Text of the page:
What about doctors who, like the AMA, are concerned about ways the reform act might chip away at their incomes?
“There are mixed motives for people going into medicine. Some people want to be rich; some people want to take care of patients,” van der Horst said. “But I think by and large most doctors want patients to have health insurance and access to care. The folks that are against the ACA, they just shout very loudly.”
Dr. Michael Stillman, an internist at the University of Louisville, makes the case for expanding Medicaid in the remaining states in a dispatch from Kentucky, one of a handful of southern states that has accepted federal funding to expand Medicaid rolls.
“[D]uring the past year, many of my lowest-income patients have, for the first time as adults, been able to seek non-urgent medical attention. I recently evaluated a 54-year-old man … whose last physician visit had been with a pediatrician,” Stillman wrote.
Stillman’s essay also encourages doctors to confront partisan politics head-on.
“I was once uncomfortable discussing politics with my patients, but now I routinely ask them if they are registered to vote and remind them that certain candidates do not support the legislation from which they have so palpably benefitted,” Stillman wrote.
He told Healthline that he thinks doctors have a responsibility to ensure patients understand that the law doesn’t bring government-run healthcare to the United States, as Republicans have claimed. In fact, the law provides structure and support for people to purchase health insurance from private companies.
“I feel like physicians really haven’t been vocal enough about combating the misinformation that’s out there about the Affordable Care Act,” Stillman said. “I think it’s hard to expect your average American to understand that a lot of the information that’s been put out there has been frankly misinformation, or has been tainted information meant to bias them against a law that really can wind up helping most of them.”
The go-to medical journal has itself been pushed into the fray as the public debate over the ACA continues to smolder.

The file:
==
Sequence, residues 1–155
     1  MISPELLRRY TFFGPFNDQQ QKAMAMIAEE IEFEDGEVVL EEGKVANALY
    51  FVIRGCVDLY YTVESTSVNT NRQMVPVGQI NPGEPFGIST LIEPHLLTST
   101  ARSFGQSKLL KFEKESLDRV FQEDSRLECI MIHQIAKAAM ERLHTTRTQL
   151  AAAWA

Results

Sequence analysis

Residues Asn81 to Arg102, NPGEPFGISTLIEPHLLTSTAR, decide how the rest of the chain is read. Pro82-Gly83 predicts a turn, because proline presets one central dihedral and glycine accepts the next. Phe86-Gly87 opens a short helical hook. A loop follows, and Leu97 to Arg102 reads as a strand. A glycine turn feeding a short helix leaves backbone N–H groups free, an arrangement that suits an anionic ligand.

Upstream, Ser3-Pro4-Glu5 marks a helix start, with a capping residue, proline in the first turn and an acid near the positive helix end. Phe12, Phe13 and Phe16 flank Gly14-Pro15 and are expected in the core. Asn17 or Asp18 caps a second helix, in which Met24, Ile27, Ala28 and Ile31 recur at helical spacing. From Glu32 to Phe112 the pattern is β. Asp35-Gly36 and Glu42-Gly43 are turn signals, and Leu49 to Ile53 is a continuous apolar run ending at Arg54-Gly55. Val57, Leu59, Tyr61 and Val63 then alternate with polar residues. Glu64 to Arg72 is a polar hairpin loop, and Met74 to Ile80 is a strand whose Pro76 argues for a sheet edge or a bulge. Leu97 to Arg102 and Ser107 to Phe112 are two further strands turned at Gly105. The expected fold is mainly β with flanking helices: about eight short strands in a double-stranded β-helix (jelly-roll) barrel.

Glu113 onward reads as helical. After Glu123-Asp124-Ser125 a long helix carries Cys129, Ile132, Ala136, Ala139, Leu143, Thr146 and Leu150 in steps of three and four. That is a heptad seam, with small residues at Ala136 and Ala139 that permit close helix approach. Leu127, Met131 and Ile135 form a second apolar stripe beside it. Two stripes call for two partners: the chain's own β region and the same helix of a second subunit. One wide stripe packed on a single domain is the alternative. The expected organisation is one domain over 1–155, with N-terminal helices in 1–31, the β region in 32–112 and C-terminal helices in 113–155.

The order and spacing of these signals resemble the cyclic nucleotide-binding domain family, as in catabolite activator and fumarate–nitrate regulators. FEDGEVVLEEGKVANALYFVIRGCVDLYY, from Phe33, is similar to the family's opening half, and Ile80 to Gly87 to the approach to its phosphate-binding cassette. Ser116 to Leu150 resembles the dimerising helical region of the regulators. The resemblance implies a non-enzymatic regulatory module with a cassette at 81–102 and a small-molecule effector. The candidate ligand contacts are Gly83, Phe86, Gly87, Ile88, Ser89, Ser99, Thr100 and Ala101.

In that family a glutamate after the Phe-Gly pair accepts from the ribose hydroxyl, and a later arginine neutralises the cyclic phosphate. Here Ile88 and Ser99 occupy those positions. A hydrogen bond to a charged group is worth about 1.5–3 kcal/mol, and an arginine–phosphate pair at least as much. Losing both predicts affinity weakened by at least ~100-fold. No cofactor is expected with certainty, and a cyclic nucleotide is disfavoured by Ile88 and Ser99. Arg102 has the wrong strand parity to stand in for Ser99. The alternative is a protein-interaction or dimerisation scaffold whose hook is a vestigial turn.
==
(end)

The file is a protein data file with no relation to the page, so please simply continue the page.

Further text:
The editors of the New England Journal of Medicine, led by Dr. Jeffrey Drazen of Harvard Medical School, penned a rare editorial when congressional Republicans forced a partial shutdown of the federal government late last year in an effort to thwart the law.
“As a medical journal, we do not have an official opinion on whether the ACA is a good or bad thing,” they began. But, “as physicians practicing in Massachusetts, where a program similar to the ACA has been in place for a number of years, we strongly support it.”
“Before reform in Massachusetts, we saw too many patients who were devastated by a freak accident or an unexpected diagnosis of cancer; we saved bodies and bankrupted lives. Now, when fate strikes a cruel blow to citizens of Massachusetts, we can fix their bodies and preserve their lives,” the authors added.
The United States Supreme Court recently agreed to hear arguments in the case King v. Burwell, which claims that the federal government cannot give people financial subsidies to help them buy insurance on federally run health websites.
If the ACA can survive a second major Supreme Court challenge, doctors will continue to see the ranks of the insured grow. Some will also see their Medicaid reimbursement rates go up in 2015.
As for the 6 in 10 Americans who still have an unfavorable view of the law, Stillman says, “the longer this law kind of sits with Americans, the more comfortable most will become.”